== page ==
The water cycle contains the largest chemical flux on earth. Water distributes heat around the globe and thus creates climate, and water is the single most important factor regulating land-plant productivity worldwide. Without water life would not exist (perhaps on ANY planet), and despite the fact that 70% of the earth's surface is covered with water, that water is salty and can't be used for drinking, agriculture, or industry. Only about 0.014% of the water at earth's surface is useable by plants, humans, and other animals.
In attempting to understand element cycles as part of the major functioning of ecosystems, it is useful to follow a specific "approach". This general approach was followed in the previous lecture on the carbon cycle, and it can be used to help understand any element cycle. It consists of 3 parts and is formally outlined below:
Using this approach of gaining knowledge about each of these three components enables you to answer the question of "How will things change?". Gaining this kind of a predictive understanding of ecosystems, or of communities or populations, is the most important goal in basic scientific research. So, let's start with the Accounting in our examination of the global water cycle.
Figure 1. The Laurentian
Figure 2. The distribution of water at the earth's surface.
As you can see from the
Table and from Figure 2, most of the water on earth is tied-up in rocks
and unavailable. Of the water that is at the surface of the earth and available
for cycling, only a very small percentage is fresh water. Of that fresh water,
about 20% is contained solely in the Laurentian Great
Lakes in North America (Figure 1), and another 20% is contained in a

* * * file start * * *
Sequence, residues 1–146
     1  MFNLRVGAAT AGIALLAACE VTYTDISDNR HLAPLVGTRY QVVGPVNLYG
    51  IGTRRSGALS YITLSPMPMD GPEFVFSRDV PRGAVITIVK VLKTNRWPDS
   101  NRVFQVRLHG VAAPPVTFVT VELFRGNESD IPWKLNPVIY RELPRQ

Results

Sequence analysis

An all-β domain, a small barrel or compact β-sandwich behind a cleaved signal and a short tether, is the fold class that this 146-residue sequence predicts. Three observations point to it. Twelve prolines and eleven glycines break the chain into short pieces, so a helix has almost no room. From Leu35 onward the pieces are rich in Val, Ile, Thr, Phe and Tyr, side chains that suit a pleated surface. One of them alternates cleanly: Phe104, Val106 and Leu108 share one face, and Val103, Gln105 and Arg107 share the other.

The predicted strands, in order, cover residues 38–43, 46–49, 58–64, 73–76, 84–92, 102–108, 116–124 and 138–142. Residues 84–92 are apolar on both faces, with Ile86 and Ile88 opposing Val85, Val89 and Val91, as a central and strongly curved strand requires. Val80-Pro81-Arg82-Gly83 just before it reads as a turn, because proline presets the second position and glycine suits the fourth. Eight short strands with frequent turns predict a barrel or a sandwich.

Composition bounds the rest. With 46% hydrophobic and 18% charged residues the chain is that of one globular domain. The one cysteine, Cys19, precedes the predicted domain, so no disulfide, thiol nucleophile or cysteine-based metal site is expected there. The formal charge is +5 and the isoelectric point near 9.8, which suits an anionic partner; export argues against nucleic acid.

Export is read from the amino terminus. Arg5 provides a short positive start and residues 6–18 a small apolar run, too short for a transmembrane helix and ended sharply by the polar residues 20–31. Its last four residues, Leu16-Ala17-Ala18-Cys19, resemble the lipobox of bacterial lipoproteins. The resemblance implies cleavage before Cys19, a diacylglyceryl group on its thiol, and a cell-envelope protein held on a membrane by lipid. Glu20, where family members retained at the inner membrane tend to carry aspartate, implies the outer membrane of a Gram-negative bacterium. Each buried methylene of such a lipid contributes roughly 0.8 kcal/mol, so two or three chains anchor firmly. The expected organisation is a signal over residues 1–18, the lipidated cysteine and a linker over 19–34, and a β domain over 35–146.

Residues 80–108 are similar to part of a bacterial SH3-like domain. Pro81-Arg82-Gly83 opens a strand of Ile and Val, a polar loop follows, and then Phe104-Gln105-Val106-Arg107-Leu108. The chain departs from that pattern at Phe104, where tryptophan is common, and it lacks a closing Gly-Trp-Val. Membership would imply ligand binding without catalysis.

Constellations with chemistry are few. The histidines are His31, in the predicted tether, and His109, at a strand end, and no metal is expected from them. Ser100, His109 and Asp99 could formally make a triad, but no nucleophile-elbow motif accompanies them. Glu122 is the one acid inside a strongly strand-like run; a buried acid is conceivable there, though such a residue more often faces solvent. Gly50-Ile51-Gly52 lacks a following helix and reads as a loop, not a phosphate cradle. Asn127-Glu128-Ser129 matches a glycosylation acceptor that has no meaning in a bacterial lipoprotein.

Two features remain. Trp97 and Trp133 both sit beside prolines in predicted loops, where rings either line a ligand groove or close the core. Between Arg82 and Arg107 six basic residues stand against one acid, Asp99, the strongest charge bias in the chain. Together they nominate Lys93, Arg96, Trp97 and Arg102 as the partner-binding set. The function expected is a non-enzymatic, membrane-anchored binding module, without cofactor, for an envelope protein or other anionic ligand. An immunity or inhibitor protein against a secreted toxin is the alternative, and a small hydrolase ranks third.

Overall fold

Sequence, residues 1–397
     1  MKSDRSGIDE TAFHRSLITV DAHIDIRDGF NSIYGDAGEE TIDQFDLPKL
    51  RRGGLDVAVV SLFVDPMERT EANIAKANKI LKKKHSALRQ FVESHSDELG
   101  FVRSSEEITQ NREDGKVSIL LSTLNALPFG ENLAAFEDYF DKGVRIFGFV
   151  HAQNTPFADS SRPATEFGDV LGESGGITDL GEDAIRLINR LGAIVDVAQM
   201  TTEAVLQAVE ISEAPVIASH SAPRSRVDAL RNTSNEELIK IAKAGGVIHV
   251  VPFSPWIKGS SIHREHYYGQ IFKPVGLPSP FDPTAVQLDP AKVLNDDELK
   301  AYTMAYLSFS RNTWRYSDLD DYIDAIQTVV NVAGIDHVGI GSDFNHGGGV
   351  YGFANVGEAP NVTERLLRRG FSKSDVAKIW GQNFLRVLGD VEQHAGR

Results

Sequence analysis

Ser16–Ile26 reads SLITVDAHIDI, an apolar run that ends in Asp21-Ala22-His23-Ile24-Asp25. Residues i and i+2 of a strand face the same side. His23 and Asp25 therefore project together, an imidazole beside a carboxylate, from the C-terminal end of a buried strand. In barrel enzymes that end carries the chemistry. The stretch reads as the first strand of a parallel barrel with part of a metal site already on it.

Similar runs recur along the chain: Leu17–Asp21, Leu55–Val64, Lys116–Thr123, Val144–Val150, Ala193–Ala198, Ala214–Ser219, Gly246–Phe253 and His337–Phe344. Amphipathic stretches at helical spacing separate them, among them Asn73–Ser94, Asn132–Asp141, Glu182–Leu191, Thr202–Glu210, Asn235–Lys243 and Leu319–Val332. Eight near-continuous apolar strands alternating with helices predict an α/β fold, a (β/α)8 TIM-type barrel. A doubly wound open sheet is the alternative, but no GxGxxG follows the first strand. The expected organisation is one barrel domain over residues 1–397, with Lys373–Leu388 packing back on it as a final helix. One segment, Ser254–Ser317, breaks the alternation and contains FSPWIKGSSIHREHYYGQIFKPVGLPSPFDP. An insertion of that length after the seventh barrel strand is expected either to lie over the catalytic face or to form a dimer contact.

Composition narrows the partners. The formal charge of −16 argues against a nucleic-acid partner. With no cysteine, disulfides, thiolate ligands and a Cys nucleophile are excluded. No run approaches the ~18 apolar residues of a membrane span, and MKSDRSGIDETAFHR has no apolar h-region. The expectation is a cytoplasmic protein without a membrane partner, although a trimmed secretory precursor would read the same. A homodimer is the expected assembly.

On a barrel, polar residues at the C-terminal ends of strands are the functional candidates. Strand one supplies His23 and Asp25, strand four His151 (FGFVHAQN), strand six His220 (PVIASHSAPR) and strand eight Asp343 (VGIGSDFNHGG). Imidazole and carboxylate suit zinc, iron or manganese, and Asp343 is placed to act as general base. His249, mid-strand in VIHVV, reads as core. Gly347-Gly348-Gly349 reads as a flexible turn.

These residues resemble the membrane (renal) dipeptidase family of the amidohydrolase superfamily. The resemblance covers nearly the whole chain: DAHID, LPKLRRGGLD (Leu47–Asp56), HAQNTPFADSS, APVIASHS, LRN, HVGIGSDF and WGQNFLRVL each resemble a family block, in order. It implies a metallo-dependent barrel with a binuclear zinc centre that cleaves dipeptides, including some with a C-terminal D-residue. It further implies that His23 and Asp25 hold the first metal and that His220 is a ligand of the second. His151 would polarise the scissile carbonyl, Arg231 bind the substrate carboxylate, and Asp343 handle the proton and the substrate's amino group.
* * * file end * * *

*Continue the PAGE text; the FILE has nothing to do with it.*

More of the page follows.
single lake in Siberia,
There are 4 major pathways of cycling in the global water cycle (Figure 3): precipitation, evaporation, vapor transfer from ocean to land, and return flow in rivers and groundwaters from land to oceans. The following gives the flux of these different pathways:
Figure 3. The Global Water Cycle - Pathways and Fluxes. (Values in 103 km3/yr).
There are several major controls on the water cycle, including human consumption, temperature increases, and land use changes.
consumption The consumption of water by humans has
increased dramatically since the industrial revolution, and today water is a
critically lacking resource in certain areas such as deserts and semi-deserts.
In addition to this local vulnerability, it is quite likely that water
shortages due to human consumption will occur at the regional scale in the near
future. For example, the southwestern
Figure 4. Rates of water withdrawn from surface and groundwater sources, and consumption per individual for representative countries.
(B) Temperature The second major control on the
cycling of water on earth is temperature. Increasing temperature increases the rates
of evaporation and ice melting, and causes sea level to rise. Severe droughts,
like in the Sahel in
2. Sea level
rise. Sea level has been rising in the world in recent years. Figures
6 and 7 below show first how large these changes have been in various parts
of the world, and second how much of this increase is due simply to the thermal
expansion of water as temperature Increases. Figure 8 shows the effect of a
rise of 4.7 m in sea level on
Figure 6 & 7 (above). Sea level rise and impacts of temperature (above).
Figure 8 & 9 (below). Impact of sea level rise on
low-lying areas of
As more and more of the ice caps on land melt, there will be an increased river
flow of freshwater from land to the ocean, and especially to the
4. Interactions in the hydrological cycle. One of the important aspects of the hydrological cycle is how temperature will interact with other factors. For example, in 2000 the lake levels in the Laurentian Great Lakes were extremely low, and these low levels had a great impact on shipping and recreation (see pictures below). However, that year the precipitation and temperature were about average, and initially it was unclear just why the lake levels were so low. Based on your knowledge of the main factors involved in the hydrological cycle, can you suggest what might have occurred to cause the lake levels to be so low? (This will be discussed in lecture).
(C) Land use changes Currently most of the land use changes on
earth, such as deforestation, are at a local scale. However, it may soon
become important at regional scales and for the entire globe in the future. For example, in a study done at Hubbard Brook in